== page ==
10 Tips to Save Money on Grocery Shopping
There is no one big secret to saving money on groceries. And although there are some people who live by coupons, who will not buy a single item for which they have not found a coupon, most of us don’t have the time or inclination to go to such an extreme. Saving money on grocery shopping comes down to doing it smarter. Planning meals ahead of time and thinking strategically when you shop can significantly reduce your food bill.
Doing what seem like minor things can help in this effort. Going to the stores that consistently offer the lowest prices on the items you buy, stocking up on certain goods when they’re offered at a discount, and avoiding name-brand products are some of the many ways you can save.
Kiplinger has a very informative article on this subject. It provides 10 tips on how to shave dollars and cents from your grocery bill without cutting out coupons or taking other time-consuming measures.
I found this tip especially enlightening:
The next time you go to the grocery store, hang on to your receipt and circle the most expensive items. Then, consider lower-cost alternatives for those items to rack up real savings on future shopping trips. For instance, red meat isn’t cheap. The average price per pound of sirloin steak is twice as much as the price per pound of boneless chicken breasts, according to the most recent figures from the U.S. Department of Agriculture.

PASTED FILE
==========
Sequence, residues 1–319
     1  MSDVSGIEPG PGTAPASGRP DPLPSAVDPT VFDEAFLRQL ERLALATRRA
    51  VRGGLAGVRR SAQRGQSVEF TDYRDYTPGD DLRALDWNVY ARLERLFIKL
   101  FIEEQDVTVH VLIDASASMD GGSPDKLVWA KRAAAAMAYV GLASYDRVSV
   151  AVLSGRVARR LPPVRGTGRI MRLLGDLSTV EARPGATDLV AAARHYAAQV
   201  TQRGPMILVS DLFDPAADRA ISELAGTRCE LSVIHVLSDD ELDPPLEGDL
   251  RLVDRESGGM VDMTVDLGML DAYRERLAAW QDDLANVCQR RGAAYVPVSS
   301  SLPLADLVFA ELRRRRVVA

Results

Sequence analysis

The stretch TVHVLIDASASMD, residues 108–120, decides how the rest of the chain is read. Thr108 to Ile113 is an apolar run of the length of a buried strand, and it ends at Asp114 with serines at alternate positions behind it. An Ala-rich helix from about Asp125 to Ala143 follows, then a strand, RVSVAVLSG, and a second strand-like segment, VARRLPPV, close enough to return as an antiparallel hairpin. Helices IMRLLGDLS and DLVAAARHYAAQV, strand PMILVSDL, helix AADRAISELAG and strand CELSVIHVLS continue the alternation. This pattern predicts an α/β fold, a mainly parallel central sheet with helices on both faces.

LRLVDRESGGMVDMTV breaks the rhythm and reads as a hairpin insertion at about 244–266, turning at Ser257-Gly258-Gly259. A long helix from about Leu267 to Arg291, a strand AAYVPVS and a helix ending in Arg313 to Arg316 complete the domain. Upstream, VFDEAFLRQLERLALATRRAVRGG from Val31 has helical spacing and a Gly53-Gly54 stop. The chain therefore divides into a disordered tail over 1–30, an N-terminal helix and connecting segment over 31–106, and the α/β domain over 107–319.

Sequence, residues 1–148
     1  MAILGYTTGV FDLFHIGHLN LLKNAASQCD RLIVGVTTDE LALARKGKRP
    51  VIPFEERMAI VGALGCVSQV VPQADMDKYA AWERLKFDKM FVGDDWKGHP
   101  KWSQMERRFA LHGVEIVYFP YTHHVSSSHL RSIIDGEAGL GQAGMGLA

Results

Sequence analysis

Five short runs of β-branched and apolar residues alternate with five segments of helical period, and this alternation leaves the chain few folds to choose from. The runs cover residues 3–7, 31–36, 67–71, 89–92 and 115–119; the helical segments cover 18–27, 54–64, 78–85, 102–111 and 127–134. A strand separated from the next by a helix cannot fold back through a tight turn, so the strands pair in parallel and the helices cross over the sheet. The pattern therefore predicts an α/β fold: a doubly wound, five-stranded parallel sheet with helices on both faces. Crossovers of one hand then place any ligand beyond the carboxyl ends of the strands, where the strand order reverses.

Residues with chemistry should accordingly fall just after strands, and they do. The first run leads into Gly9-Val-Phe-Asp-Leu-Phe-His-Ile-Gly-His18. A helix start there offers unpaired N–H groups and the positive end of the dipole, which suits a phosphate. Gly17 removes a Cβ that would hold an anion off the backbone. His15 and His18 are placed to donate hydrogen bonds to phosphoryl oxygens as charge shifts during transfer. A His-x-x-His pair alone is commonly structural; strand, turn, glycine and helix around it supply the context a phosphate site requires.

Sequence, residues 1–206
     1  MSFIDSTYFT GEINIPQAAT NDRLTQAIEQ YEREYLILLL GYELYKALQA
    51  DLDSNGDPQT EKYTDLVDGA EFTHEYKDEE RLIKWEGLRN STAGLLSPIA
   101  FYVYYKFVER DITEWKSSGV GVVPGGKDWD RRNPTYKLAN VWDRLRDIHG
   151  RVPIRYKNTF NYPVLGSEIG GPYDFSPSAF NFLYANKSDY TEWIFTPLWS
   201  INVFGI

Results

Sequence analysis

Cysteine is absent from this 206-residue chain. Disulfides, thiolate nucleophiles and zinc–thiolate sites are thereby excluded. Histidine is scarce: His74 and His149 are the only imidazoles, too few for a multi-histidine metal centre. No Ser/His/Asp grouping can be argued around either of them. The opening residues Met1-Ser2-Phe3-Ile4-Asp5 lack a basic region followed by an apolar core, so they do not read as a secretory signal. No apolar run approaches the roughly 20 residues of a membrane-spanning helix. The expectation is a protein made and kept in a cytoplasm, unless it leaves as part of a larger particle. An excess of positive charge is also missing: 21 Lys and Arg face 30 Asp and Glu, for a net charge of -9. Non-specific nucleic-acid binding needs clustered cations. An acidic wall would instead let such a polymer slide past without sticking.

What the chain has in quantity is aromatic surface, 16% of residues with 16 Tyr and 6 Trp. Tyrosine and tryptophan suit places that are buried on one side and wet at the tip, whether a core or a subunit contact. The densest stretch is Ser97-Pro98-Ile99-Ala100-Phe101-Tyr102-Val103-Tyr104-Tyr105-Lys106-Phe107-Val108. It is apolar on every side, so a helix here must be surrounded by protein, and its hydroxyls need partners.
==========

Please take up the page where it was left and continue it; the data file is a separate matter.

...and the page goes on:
Other budget-busters are organic items and pricey cheeses. But you can lower the cost of these items if you comparison shop, opt for generic brands, buy produce only when it’s in season and become more selective about the items you put in your cart. For example, consider buying organic only for produce that is most susceptible to pesticide residue (see the Environmental Working Group’s list of the dirty dozen). As for the fancy cheese, consider it a treat and buy it sparingly.
You can read the nine other tips here. I like to think of myself as a smart shopper, but I learned a great deal from the article. It offers guidance on how to get into good shopping habits.
One other thing: The advice given in this article should be taken in moderation. There are certain products, beer and wine for example, in which brand names do matter. You may decide it’s worth spending the extra money to enjoy a taste that you find to be exceptionally good. If so, it makes it even more urgent for you to save as much as you can on your other groceries.
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About Christopher Reid Chris was born in Washington, D.C. and lives in Britain. He works as a blogger, essayist, and novelist. His first book, Tea with Maureen, has just been published.